Expect to be driven mad when playing golf with Waitrose director of selling and marketing Mark Price. Both his rendition of Elvis Presley’s Suspicious Minds and his aptitude for the game can be more than a little off-putting. Those who have had to put up with the constant, out of tune repetition of “We’re caught in a trap” probably wished they had brought ear-plugs. And it’s advisable to put in some practice before taking on the man dubbed the Singing Grocer, who is about to become main board development director for the John Lewis Partnership (JLP), covering the Waitrose and John Lewis businesses.
According to friends, when Price left Lancaster University (he studied archaeology) his game was so good he could have turned professional. Although he admits having been able to play off scratch, Price denies that he was pro standard, claiming a career in grocery retail was in his blood – his father set up two grocery businesses.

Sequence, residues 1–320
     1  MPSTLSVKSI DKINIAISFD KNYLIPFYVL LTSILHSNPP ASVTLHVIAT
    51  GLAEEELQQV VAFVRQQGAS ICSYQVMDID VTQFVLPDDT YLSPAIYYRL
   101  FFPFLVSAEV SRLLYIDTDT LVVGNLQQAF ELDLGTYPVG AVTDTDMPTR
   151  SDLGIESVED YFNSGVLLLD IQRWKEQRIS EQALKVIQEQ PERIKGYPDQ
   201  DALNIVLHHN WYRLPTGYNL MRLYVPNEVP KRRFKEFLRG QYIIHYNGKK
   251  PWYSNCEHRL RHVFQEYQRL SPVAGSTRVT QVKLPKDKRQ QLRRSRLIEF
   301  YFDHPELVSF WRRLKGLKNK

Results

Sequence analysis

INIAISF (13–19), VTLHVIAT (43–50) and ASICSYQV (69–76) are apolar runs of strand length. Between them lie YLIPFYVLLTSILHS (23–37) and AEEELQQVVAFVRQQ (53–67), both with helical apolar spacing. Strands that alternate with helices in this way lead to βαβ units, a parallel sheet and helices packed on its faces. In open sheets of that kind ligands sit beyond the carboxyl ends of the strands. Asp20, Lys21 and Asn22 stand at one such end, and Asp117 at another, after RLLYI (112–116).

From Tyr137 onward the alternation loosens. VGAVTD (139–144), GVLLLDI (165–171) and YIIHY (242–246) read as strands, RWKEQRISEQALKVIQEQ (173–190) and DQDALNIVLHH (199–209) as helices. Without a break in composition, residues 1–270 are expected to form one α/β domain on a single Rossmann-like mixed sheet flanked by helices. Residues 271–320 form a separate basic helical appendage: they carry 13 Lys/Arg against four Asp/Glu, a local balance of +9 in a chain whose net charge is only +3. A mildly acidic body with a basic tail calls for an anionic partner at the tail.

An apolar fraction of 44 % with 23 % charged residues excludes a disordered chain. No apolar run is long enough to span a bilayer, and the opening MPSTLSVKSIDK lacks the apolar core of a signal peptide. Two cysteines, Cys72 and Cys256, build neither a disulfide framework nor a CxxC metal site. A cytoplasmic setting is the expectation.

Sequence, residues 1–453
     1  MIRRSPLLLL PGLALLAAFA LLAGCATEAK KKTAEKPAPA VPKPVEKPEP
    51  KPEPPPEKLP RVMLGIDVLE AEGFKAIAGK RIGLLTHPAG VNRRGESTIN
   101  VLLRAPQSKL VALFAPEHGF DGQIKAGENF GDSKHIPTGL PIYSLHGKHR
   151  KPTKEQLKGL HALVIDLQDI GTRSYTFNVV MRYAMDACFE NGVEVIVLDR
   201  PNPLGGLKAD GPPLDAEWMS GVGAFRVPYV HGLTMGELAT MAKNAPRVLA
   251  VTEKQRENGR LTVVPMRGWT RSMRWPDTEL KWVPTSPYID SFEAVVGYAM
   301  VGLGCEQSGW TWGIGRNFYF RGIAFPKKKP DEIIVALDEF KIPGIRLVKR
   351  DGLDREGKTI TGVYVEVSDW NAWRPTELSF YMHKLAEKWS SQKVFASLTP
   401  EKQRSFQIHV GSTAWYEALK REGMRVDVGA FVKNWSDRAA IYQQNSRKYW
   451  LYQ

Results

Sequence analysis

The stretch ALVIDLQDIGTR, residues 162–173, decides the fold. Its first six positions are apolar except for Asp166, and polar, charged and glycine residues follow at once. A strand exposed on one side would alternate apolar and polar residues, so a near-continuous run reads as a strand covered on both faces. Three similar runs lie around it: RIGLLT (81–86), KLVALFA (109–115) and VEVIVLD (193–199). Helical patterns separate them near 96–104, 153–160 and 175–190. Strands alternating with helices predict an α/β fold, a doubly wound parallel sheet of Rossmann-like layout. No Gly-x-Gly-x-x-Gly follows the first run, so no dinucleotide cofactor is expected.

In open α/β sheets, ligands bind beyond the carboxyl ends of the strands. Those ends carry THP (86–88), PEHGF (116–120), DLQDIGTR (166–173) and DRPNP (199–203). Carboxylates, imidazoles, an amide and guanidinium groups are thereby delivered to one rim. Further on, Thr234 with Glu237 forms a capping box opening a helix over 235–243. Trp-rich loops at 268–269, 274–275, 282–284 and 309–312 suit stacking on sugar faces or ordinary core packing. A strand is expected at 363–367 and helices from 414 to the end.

These days, Price is more used to touring the 166-strong Waitrose retail estate in his chauffeur-driven car than the UK’s golf courses, so anyone thinking of challenging him to a round will be pleased to know his game is not what it once was. But like most retailers, he likes to keep competitive information close to his chest: he refuses to reveal his current handicap.
Early days as a JLP graduate trainee were spent in the department stores, leading to the task of opening the Cheadle branch. In 1998, he got a call from Waitrose’s then managing director, David Felwick, to become the supermarket’s first marketing director.
Felwick had appointed Banks Hoggins O’Shea (BHO) (MW December 18, 1997), now FCB London, but he left it to Price to build a team and to take the brand on to television for the first time.